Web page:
And the mind doesn’t know the difference between what is imagined with the eyes and what is actually seen with them. Scientific research shows the same areas of the brain and body light up when you visualize something and when you actually experience it. This makes envisioning the perfect hit a powerful element of your pre-shot routine.

So, for this step, visualize your intended shot. Imagine the best shot possible. Or, tap into the reservoir of past knowledge by imagining your best shot at that same hole from a similar spot, This comes in handy if you’re playing at your home course or on familiar territory.

The key is to envision the ball in flight. Watch it land. Visualize it rolling out down the fairway, or onto the green, and even into the hole. Then after your visualization is complete, it’s time to move on to the next step.


Yes, the O in PIVOT represents your outbreath. Yes, you’re familiar with breathing in and breathing out, and you definitely want to use the exhale as a way to change direction. You want to release the thoughts of the past. You want to let go of any physical tension and trust your body is capable of executing your intention.

In fact, many people mis-hit their golf shots because of this mental or physical strain.

When you take a purposeful outbreath, you signal to your mind that it’s time to chill out. Your body knows that to do and a deep breath out reinforces that you’re ready to have your body work its magic.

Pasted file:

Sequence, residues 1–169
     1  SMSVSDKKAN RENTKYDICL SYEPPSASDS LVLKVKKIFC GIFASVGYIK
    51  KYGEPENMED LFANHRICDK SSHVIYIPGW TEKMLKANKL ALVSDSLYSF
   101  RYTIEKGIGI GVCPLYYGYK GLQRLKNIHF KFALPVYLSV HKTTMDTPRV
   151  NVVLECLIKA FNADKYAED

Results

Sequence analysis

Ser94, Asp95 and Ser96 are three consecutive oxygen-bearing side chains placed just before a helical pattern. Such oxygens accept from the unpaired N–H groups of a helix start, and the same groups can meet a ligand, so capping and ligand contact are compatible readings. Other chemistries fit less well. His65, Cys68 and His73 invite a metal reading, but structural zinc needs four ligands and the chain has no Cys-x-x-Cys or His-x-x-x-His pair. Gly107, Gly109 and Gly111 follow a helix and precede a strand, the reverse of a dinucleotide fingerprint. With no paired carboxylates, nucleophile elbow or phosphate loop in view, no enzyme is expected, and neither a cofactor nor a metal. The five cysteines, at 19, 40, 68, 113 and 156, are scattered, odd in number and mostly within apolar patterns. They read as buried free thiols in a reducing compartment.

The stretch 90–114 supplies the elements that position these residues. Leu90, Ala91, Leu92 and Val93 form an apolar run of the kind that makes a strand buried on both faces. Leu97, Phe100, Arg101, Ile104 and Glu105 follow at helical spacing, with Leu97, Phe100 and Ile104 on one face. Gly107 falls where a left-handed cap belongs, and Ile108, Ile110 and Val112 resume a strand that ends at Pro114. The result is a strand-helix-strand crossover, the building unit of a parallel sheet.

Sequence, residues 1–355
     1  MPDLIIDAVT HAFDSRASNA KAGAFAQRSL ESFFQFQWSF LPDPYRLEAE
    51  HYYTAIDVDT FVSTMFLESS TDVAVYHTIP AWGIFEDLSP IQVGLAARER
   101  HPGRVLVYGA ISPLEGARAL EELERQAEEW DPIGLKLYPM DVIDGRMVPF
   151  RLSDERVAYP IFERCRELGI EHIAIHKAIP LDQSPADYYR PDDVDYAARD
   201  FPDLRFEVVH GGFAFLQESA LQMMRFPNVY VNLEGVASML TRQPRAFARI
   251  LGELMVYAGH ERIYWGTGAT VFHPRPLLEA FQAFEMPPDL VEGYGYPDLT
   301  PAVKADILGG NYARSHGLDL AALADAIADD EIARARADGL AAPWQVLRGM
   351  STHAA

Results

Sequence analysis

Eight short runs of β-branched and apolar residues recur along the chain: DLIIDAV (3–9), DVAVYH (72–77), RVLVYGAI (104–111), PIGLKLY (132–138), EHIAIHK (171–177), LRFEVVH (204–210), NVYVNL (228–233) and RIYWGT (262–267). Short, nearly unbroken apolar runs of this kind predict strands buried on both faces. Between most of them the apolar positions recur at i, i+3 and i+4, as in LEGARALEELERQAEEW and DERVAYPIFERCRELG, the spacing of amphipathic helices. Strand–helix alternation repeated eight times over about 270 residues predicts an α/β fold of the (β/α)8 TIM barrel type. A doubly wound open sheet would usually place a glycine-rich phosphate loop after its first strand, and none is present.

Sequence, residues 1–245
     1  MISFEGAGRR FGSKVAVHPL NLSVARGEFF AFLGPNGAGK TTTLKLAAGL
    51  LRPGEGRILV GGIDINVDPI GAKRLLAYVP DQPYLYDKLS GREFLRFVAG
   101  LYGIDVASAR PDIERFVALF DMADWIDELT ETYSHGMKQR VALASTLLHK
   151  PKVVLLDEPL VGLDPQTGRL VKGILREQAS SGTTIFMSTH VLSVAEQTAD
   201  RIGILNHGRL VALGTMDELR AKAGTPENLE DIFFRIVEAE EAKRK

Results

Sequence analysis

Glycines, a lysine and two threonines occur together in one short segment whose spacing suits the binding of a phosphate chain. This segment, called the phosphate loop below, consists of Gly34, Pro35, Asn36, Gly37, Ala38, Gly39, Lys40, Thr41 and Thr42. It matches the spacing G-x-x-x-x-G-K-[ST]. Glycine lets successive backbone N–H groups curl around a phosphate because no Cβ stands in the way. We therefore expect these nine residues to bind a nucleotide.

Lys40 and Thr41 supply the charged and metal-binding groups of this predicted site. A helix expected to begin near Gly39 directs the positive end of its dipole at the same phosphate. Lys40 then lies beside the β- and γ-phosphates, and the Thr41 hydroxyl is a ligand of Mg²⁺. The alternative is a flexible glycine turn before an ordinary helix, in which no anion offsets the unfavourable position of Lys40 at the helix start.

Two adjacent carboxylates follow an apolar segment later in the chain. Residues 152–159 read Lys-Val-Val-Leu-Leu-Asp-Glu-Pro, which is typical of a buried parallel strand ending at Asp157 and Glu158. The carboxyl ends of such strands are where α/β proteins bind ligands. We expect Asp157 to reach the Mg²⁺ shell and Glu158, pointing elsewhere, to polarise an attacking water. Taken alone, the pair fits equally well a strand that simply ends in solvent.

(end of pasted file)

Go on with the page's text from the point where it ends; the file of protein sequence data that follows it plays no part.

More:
Tips to Increase focus with your Outbreath

There are many ways you can exhale the air from your lungs. Yet try these tips to get your mind and body aligned before you swing:

  • Take a deep exhale through the mouth.
  • Try to breathe slower, and take longer to let the air out of your body.
  • Complete the entire breath out before stepping up to your ball. It can be tempting to rush this step and move forward before the breath is completely released. Then, see if you can rest in the pause before your breath comes in again. It’s a subtle, but powerful mental trigger that you are strong and capable and ready to hit the ball.

This transitions you perfectly into the fifth and final component of your pre shot routine; trust.

Photo Credit: @ Max van den Oetelaar


As you start to walk forward toward your ball, it’s essential to embrace the trust you have in yourself. You want to have a level of faith that your body knows what to do.

Whenever you think a thought in the brain, there is a chemical response that sends a message to every cell of your body. Whenever you repeat an action, the same thing occurs. This means that when you memorize a set of mental and physical behaviors–such as a golf swing–the process is really automatic.